Sun Stands Still

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In the past I used to wish away the time between November and March but in recent years I’ve come to appreciate winter, if not quite like it. I have adjusted my mindset and my expectations of the season and the weather, and instead of feeling frustrated at how I perceive my plans repeatedly thwarted by ice and rain and cancelled trains, or my activities limited by short days and lack of light, I have altered my own rhythms and lifestyle to fall in with nature.

That being said, I still do not look forward to winter’s arrival, and although I have made peace with it I still rejoice when the days start to lengthen again, and feel positively buoyant when the season has departed.

Today is the shortest day, a day later than the solstice usually falls. Apparently, yesterday was one second longer. Solstice translates from Latin as sun stands still when for three days our star holds its lowest position of elevation in the sky before it starts once again to ascend, bringing the promise of new life.

Last year’s beautiful blooms have withered now but look graceful in their dignified decay.

 

Though there are still splashes of colour and signs of life.

The cat mint, virulent and super fragrant all summer and into the early autumn looks dead to me; brown twigs rotting in the damp soil. I think Paddy cat’s keener sense of smell may still detect the faint delightful aroma, or perhaps he’s reflecting too, on memories of warmer days and basking in olfactory pleasures.

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In the autumn I dug up a little crimson rose bush which wasn’t thriving, diminished and crowded out by its bigger neighbours. It had stopped flowering when I transferred it to a large pot and hoped for the best. This week, a solitary new rose has opened up. A magical sign of things to come in the darkest week of the year.

The winter jasmine is in full bloom and the ivy looks as good as ever.

 

It will soon be dark again but right now the sky is still blue and it’s not too cold; a perfect moment to sit in the garden and enjoy a cup of tea with Jasper cat.

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and meditate on the cycle of life

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and the sound of a lone bird

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In a few weeks from now there will be the first stirrings from beneath the ground, green shoots emerging and new beginnings. For now, it’s still time to rest while Mother Earth works her magic in secret.

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Snow and trees at twilight

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The early hours of Tuesday saw the first snow fall of the season in my part of the world. It has all gone now, having stayed for little more than a day. The bizarre temperature fluctuations continue; today we’re back in double figures.

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I am not lamenting the snow’s melting. Yes, it makes for a pretty scene when viewed from the warm side of a window, and undeniably there is pleasure in the crunch underfoot and the sight of animal prints in freshly fallen ground cover. I dread the yellow-grey slush which follows, seeping through shoes, dampening trouser bottoms and treacherous when it freezes over, turning pavements into ice rinks. I have twice fallen victim (literally) to icy ground, as X-rays and a now very faded suture scar would bear witness.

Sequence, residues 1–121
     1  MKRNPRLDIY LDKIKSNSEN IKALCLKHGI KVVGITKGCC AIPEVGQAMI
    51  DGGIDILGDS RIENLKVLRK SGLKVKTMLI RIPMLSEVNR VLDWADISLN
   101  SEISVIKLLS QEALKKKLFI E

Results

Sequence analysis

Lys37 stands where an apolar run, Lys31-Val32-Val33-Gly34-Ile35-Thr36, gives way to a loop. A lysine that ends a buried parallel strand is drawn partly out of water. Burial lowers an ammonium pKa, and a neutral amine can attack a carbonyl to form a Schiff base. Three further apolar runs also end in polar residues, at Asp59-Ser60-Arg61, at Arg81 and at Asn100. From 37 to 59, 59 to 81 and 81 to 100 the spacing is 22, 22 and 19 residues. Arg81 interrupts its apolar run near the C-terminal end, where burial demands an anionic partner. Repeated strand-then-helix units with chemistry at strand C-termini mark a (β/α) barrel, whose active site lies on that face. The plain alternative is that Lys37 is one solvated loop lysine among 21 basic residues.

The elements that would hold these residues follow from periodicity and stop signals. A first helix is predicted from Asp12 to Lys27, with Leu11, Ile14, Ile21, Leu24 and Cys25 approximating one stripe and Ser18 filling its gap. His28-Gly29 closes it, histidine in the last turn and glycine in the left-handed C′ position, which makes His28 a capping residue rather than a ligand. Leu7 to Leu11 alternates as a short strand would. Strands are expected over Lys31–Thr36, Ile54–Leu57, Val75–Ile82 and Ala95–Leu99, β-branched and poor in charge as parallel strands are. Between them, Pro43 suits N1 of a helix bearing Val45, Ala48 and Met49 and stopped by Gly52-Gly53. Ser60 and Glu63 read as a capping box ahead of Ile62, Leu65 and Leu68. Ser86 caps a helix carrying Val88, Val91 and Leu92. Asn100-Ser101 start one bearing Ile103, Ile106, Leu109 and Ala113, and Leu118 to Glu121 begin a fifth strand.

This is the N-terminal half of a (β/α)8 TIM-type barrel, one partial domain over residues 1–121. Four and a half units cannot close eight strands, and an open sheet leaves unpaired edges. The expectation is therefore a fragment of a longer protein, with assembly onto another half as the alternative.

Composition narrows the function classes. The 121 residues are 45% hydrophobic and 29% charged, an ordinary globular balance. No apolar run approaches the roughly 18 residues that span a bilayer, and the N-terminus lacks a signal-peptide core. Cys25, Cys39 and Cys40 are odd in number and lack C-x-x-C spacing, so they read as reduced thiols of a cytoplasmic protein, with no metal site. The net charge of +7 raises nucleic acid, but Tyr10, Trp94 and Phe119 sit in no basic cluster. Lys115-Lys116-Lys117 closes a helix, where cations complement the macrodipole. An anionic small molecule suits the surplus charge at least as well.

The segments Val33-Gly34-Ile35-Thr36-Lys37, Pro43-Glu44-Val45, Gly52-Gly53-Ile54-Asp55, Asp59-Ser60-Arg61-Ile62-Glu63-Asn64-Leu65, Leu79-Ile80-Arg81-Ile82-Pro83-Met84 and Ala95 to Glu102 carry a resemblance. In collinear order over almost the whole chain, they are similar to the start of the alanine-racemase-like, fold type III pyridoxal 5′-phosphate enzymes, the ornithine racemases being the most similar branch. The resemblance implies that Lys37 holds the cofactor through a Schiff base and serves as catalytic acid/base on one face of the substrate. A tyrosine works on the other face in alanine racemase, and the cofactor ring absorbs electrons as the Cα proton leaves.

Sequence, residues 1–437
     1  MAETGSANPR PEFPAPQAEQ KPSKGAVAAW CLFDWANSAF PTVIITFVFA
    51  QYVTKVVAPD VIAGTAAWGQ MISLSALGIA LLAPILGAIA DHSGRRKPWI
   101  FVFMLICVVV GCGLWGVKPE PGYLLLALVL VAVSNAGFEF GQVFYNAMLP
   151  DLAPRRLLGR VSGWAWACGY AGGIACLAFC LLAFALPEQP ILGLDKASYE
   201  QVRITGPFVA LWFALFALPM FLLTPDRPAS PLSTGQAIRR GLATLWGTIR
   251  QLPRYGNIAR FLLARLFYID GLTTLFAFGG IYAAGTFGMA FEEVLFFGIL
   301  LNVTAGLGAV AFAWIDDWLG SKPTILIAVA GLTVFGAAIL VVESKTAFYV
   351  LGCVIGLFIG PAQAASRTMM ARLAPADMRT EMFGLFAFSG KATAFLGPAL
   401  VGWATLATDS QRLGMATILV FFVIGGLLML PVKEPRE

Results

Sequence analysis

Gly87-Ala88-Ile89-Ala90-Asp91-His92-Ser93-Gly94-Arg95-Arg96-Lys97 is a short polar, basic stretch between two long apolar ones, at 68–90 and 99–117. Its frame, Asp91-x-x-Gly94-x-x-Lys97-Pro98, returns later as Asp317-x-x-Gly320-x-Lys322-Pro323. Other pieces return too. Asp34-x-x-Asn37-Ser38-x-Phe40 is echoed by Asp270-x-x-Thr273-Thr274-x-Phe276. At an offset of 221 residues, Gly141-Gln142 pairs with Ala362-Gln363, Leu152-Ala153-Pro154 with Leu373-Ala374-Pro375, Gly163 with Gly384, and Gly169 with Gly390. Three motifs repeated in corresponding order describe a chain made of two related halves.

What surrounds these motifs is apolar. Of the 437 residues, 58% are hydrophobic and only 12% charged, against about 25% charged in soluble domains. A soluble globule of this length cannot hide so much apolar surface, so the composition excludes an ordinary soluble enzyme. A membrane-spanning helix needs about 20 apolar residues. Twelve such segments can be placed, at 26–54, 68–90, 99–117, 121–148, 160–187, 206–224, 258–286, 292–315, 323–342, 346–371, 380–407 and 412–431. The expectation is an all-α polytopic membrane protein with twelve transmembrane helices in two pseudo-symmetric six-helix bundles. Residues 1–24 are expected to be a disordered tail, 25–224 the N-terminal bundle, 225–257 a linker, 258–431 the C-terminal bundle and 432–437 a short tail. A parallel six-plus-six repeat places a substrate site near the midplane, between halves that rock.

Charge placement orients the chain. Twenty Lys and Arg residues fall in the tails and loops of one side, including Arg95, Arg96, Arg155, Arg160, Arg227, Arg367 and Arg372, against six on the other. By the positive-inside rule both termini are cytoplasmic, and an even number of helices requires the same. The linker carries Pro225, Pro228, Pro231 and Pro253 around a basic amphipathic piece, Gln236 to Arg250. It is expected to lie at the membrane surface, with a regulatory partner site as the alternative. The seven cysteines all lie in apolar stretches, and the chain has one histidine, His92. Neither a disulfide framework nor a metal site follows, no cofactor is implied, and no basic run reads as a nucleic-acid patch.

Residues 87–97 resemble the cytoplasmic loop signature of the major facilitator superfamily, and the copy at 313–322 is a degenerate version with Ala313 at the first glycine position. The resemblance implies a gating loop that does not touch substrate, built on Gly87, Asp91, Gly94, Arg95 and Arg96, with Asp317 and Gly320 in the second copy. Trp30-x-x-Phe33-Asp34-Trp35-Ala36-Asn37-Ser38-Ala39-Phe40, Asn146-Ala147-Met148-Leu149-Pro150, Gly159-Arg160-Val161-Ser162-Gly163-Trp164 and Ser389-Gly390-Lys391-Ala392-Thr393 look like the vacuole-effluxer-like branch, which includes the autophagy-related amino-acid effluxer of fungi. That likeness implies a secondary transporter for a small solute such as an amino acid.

The daylight lingers for a little bit longer each day, which is wonderful. It won’t be long before we see the arrival of the first signs of early spring. I love that time. Today, it was almost five o’clock when the streaks of twilight dipped behind the trees near my home. I took some photographs of the bare branches, appreciating the cycle of the seasons but looking forward to greener times ahead.

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Last week saw the death of one of my favourite poets, Mary Oliver, whose observations of the natural world strike a chord with me. White Eyes is a poem about winter and about a bird, about the promise of things to come, and about life ….. perfect for this time.

White Eyes – Mary Oliver (1935 – 2019)
In winter
    all the singing is in
         the tops of the trees
             where the wind-bird
with its white eyes
    shoves and pushes
         among the branches.
             Like any of us
he wants to go to sleep,
    but he’s restless—
         he has an idea,
             and slowly it unfolds
from under his beating wings
    as long as he stays awake.
         But his big, round music, after all,
             is too breathy to last.
So, it’s over.
    In the pine-crown
         he makes his nest,
             he’s done all he can.
I don’t know the name of this bird,
    I only imagine his glittering beak
         tucked in a white wing
             while the clouds—
which he has summoned
    from the north—
         which he has taught
             to be mild, and silent—
thicken, and begin to fall
    into the world below
         like stars, or the feathers
               of some unimaginable bird
that loves us,
    that is asleep now, and silent—
         that has turned itself
             into snow.